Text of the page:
After more than a decade of controversy, the proposed Rosemont Copper project is steps closer to becoming reality, with federal agencies issuing two key permits in March.
Controversy over the mine first arose in 2005 when Augusta Resources, a Canadian mining company, purchased the land in the Santa Rita Mountain range, southeast of Tucson. The company later merged with Hudbay Minerals. A plan of operation was filed in 2007.
Though the permits are a victory for Rosemont Copper, a fourth lawsuit was filed March 27.
The copper mine would occupy 4,000 acres of land in the Santa Rita Mountains. Hudbay Minerals says the site is home to an estimated 7 billion pounds of copper. The $1.9 billion project would function for nearly 20 years.
Though more than a dozen federal and state agencies have reviewed the plan, the project remains controversial. Tony Davis, a reporter at the Arizona Daily Star, explained that one set of studies indicated environmental impacts to the region would be delayed for hundreds of years, while studies done by the Environmental Protection Agency and Bureau of Land Management show any impacts will be significant. Davis said the struggle over the project in government bureaucracy has been like a war, calling it "legendary."
“I have never seen anything like this, and I’ve been a reporter for almost 45 years.”
Davis says understanding the issue requires attention to Arizona's unique relationships with both copper and the environment.
“We are watching a collision between those two values that are intrinsic to our very being.”
Arizona 360 sat down with Rick Grinnell of the Southern Arizona Business Coalition. Grinnell explained why he believes the mining project could be beneficial to Arizona, detailing the job opportunities and potential increase in nationwide copper resources the mine would bring.
“It’s a solid, sustainable economic engine. It keeps people employed and when you have a better economy, the overall attitude of an environment of the community is better,” he said.
Gayle Hartmann of Save the Scenic Santa Ritas sat down with Lorraine Rivera to voice her disapproval of the Rosemont Copper Project. Hartmann discussed her concerns, which centered on water and wildlife.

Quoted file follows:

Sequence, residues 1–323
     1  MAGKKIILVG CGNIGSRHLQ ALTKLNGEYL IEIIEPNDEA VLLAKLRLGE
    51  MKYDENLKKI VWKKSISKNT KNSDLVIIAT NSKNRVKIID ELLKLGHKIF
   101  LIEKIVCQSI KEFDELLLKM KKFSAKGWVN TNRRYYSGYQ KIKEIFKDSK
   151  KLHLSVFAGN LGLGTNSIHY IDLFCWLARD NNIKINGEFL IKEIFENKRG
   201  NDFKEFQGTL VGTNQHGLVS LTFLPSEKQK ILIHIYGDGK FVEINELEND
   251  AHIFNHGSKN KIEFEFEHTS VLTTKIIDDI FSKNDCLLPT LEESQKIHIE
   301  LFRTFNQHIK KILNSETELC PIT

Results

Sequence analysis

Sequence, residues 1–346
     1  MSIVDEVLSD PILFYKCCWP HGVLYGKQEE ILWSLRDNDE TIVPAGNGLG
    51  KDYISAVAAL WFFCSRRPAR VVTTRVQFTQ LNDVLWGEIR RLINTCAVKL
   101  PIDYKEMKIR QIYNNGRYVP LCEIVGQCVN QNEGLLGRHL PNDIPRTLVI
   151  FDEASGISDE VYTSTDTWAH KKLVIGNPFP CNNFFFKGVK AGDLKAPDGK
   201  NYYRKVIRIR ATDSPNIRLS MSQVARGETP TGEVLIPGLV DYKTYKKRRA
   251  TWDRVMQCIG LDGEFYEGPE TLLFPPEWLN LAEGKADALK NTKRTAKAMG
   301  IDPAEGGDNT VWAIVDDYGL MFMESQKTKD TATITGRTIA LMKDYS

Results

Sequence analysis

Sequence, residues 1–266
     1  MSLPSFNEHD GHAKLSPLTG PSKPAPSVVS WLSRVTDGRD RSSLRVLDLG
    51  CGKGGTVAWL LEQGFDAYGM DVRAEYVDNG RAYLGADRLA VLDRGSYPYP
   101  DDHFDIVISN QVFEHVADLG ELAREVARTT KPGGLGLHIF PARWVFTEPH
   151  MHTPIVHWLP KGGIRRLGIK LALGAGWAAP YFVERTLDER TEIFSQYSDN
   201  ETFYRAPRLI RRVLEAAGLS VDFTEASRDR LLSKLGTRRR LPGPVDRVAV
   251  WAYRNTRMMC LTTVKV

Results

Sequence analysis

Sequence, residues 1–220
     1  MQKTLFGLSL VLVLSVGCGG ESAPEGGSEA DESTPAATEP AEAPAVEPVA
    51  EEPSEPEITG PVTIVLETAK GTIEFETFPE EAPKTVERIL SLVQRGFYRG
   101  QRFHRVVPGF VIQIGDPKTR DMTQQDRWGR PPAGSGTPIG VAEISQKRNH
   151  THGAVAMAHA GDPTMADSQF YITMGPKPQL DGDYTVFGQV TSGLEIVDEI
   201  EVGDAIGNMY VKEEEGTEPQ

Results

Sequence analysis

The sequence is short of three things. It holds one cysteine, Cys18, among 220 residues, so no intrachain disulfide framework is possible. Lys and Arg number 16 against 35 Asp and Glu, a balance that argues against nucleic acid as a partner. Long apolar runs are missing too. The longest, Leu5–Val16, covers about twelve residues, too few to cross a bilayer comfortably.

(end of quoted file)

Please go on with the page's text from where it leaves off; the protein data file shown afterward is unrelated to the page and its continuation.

“I think we really need to look at this in the long term. We have to learn how to reduce our impact on the world, on the Earth,” Hartmann said. “The Earth is not going to keep giving us resources and we simply have to do better.”
Reforming the criminal justice system was once again a topic of discussion at the Legislature in Phoenix. However, the push didn’t make many gains with lawmakers at the Capitol.
Emily Levett, state policy manager for fwd.us, joined Lorraine Rivera to discuss a recent Arizona poll. Levett said six bills for criminal justice reforms are getting blocked by a few legislative members, despite support from Arizonans.
Levett discussed the differences found in Arizona’s justice system versus the rest of the U.S.
“Since 2000, the number of people who have entered prisons — who have been admitted to prison for nonviolent drug and property crimes — has grown by 80 percent,” Levett said. “People stay behind bars in prison in Arizona far longer than other states.”
Levett said Arizona spends an estimated $1.1 billion on incarceration every year. “What the data shows is that putting more and more people in prison, especially for nonviolent crimes, does not make our community safer.”
Arizona 360 explores the parallels between Arizona and California weather with Valerie Trouet, an associate professor and UA distinguished scholar at UA Laboratory of Tree Ring Research.
Trouet explained what trees tell scientists about wet winters and summer wildfires.
“We didn’t expect the relationship between winter precipitation and then fire in the following season to disappear like that.”